I was in the fifth grade when Kennedy was shot. Our teacher Miss Deterson, told us after recess. Hallie Hudson started to cry, raised her hand and told Miss Deterson that now she knew how the country felt when Lincoln was assassinated. Miss Deterson’s eyes misted though I could tell she was pleased that Hallie managed to connect what she’d taught her in history class to current events. That Hallie always was a kiss ass.
The headmistress of the school called a mandatory chapel and all the girls hurriedly unrolled the waistband of their skirts so they’d touch the floor when they kneeled. Everyone was crying, some people were outright sobbing. Students, teachers, cafeteria workers, even the cool girls, but I couldn’t cry. I couldn’t feel anything except for that slightly out of body feeling I always had, like I was floating someplace to the right of my head. I remember thinking what does this mean, the president has been shot, but I knew better than to actually ask because I knew none of the fact answers would have anything to do with my question.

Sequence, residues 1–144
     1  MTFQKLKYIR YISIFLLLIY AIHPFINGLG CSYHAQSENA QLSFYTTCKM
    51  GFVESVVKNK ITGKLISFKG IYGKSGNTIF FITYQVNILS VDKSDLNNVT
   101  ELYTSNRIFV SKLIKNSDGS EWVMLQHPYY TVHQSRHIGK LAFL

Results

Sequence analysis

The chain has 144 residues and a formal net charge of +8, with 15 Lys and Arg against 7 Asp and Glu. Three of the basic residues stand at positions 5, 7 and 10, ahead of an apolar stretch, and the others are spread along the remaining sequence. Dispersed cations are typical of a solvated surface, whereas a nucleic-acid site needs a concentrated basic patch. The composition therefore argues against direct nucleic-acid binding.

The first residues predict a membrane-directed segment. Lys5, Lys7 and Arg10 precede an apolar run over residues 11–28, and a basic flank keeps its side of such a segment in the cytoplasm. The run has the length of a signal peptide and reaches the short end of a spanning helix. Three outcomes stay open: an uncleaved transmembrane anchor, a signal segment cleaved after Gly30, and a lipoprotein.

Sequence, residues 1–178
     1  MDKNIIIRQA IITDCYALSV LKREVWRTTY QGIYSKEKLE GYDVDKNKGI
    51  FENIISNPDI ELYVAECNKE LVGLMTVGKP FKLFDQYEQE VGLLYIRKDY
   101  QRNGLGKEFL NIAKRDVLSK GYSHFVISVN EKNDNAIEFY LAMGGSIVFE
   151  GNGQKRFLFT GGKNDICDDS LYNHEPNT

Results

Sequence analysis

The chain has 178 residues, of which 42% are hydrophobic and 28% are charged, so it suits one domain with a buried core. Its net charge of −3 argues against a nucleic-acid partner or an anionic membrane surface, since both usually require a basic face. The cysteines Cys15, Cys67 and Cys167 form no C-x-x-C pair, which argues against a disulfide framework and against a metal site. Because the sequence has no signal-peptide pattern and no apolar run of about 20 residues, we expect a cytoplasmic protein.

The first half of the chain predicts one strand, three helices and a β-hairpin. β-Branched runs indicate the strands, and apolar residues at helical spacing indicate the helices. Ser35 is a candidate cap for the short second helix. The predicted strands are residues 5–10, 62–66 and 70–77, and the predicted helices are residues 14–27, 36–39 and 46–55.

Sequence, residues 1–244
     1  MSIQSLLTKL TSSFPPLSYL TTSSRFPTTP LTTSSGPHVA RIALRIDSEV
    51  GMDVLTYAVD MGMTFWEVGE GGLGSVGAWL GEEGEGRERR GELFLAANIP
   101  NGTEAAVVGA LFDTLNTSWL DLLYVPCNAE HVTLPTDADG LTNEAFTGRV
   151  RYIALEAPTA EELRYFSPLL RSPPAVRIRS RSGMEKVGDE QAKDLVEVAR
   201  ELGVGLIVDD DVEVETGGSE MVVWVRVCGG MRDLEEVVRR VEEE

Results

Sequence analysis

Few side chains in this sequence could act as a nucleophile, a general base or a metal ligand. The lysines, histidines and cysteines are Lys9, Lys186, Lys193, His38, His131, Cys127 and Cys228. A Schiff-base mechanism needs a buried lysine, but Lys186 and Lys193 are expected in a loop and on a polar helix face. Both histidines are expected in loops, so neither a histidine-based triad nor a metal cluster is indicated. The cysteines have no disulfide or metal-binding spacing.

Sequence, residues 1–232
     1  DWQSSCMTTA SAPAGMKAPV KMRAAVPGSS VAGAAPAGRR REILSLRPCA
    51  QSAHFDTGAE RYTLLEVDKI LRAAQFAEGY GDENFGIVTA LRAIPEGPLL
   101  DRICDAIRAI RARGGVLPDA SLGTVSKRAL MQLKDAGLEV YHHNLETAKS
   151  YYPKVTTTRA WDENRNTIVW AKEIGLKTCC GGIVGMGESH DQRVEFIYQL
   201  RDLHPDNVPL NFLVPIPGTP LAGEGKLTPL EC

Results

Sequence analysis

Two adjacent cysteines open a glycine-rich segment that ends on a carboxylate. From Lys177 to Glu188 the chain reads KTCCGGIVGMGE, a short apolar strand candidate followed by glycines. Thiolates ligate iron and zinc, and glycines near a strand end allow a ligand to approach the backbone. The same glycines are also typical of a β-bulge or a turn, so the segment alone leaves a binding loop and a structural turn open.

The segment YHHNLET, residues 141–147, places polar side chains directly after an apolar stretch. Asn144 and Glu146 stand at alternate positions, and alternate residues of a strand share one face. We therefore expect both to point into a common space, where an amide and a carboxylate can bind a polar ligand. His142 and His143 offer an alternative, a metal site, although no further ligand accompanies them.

I did cry when John Lennon was shot. I was at Kristina’s apartment, two doors away from the Dakota. Her apartment was on the 5th floor front, facing West 72nd Street. We were well into a second bottle of wine talking booze nonsense thinking we should tape our conversations they were so brilliant when we heard the gunshots. We glanced at the window looked back at each other and shrugged.
“Just another glorious night in New York,” Kristina said.
“Do you believe this town,” I said pulling on my Frye boots, “I gotta go, Gordon’s waiting for me.”
It was the elevator man who told me that John Lennon had just been shot. I stared at him trying to shake clear of the alcohol not quite comprehending, not really sure I wanted to, and walked out the building over to the Dakota. There were no people there yet, they would come later, only a cop who told me that yes John Lennon had been shot but he wouldn’t tell me what hospital they took him to and he wouldn’t tell me if they’d caught the person who did it. I stood there shrinking like Alice.
“Move along,” the cop said, “move along.”
“I gotta a friend on the job,” I said.
“Good for you girlie,” he said not unkindly, “move along.”